Researchers at the Casey Eye Institute in Portland, OR, have designed a two-step decision tree method that they deemed a useful tool to detect keratoconus. Their study provided evidence that OCT corneal (and in particular epithelial) thickness map parameters and patterns offer diagnostic information, in addition to topography, for characterizing corneal ectatic conditions.

An eye was classified as keratoconic if both decision tree conditions were met. First, at least one of the four quantitative corneal thickness (minimum, minimum-maximum and superonasal-inferotemporal) and epithelial thickness (standard deviation) map parameters had to exceed cutoff values. Second, there had to be a concentric thinning pattern on the epithelial thickness map and coincident thinning pattern on corneal and epithelial thickness maps by visual inspection.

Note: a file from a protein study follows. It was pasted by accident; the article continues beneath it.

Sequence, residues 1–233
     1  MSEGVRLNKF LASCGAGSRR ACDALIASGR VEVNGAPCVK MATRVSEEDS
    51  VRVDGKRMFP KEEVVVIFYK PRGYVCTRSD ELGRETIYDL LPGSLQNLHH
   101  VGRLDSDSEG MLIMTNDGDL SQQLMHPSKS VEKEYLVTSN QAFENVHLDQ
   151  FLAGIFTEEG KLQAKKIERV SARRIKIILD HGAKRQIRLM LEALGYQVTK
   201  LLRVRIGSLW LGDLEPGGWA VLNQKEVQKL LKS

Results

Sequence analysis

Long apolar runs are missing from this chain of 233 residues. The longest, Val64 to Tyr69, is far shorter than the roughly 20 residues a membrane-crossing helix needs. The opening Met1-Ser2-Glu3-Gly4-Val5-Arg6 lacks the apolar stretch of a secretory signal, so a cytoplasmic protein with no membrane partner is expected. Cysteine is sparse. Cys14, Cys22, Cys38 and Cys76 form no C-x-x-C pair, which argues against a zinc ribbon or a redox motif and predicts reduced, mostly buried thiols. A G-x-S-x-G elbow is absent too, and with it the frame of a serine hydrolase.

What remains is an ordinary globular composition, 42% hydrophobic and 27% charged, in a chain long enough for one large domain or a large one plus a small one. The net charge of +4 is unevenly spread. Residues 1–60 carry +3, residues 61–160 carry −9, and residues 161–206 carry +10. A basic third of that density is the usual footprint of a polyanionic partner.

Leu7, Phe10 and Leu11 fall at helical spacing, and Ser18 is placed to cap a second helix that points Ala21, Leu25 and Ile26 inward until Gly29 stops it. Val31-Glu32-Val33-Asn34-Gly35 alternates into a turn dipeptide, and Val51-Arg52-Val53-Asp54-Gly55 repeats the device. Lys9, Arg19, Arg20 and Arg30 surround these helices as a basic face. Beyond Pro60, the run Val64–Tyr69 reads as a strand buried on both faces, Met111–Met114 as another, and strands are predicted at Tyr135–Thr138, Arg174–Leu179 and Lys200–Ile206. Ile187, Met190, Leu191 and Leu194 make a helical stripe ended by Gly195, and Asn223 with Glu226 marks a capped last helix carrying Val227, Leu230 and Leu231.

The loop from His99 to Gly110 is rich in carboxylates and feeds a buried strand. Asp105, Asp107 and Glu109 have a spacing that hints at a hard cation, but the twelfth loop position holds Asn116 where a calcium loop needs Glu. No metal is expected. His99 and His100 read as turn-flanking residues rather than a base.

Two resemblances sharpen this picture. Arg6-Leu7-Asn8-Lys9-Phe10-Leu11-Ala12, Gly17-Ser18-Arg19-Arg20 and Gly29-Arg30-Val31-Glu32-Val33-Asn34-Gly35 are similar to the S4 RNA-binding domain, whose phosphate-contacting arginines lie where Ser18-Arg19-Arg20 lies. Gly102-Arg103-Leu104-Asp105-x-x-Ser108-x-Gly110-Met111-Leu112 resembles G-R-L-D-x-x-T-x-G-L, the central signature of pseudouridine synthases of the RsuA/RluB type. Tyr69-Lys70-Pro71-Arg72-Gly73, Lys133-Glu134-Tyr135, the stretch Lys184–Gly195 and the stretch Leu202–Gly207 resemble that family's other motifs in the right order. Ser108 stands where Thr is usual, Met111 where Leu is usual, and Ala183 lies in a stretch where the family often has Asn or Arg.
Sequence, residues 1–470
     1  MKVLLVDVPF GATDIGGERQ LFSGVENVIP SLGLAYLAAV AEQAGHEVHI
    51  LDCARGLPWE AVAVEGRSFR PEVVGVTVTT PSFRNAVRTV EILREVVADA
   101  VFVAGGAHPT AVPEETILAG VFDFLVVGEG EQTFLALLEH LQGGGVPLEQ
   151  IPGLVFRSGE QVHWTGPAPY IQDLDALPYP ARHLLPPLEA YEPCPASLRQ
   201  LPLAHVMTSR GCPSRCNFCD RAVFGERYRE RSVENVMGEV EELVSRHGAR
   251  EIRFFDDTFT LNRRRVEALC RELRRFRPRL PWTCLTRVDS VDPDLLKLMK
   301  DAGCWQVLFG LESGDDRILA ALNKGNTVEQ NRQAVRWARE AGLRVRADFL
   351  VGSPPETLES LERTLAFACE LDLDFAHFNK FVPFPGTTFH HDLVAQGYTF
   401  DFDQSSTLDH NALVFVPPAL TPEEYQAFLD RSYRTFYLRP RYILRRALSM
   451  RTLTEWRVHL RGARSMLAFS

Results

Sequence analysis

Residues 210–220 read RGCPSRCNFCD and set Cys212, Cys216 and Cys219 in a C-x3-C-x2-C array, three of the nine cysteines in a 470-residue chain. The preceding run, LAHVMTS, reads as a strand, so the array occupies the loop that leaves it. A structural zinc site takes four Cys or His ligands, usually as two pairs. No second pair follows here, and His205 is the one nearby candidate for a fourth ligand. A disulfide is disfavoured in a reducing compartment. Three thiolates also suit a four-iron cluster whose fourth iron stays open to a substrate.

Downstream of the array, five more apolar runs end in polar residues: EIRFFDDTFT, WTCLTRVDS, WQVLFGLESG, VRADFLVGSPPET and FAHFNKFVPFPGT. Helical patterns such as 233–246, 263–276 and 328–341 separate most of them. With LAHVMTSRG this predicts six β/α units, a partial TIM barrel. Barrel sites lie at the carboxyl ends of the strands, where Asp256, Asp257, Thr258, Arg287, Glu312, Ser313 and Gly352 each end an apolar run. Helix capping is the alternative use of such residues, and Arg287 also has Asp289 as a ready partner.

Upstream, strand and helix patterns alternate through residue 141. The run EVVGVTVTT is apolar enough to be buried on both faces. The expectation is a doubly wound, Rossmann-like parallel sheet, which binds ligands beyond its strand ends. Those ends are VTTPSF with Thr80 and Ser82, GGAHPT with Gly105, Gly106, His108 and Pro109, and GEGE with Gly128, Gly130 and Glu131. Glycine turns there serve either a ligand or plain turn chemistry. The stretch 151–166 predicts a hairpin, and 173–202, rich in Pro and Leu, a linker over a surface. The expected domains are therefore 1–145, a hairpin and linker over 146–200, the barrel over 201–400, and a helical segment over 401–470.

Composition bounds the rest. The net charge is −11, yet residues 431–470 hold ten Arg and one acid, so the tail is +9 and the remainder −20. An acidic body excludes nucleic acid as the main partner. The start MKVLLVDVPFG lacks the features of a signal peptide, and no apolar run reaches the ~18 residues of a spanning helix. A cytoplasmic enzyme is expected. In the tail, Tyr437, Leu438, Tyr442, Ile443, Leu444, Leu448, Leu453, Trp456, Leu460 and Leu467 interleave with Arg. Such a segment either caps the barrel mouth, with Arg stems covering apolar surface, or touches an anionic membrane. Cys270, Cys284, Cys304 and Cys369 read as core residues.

The researchers used spectral-domain OCT to assess 54 eyes from 29 normal participants, 91 manifest keratoconic eyes from 65 patients, 12 subclinical keratoconic eyes from 11 patients and 19 forme fruste keratoconic (FFK) eyes from 19 patients. The decision tree correctly classified all normal eyes (100% specificity) and had good sensitivities for detecting manifest keratoconus (97.8%), subclinical keratoconus (100.0%) and FFK (73.7%).

While the team did not see any cases of false positive diagnoses of keratoconus in patients with corneal epitheliopathy in this study, they advise caution in applying their method to patients with significant corneal epitheliopathy.           

“The two-step decision tree method provided a useful tool to detect keratoconus, including FFK cases that would go undetected using standard topography-based indices,” they concluded. “Maps can be used in conjunction with topography to potentially improve diagnostic accuracy for keratoconus.”

Yang Y, Pavlatos E, Chamberlain W, et al. Keratoconus detection using OCT corneal and epithelial thickness map parameters and patterns. J Cataract Refract Surg. 2021;47(6):759-66.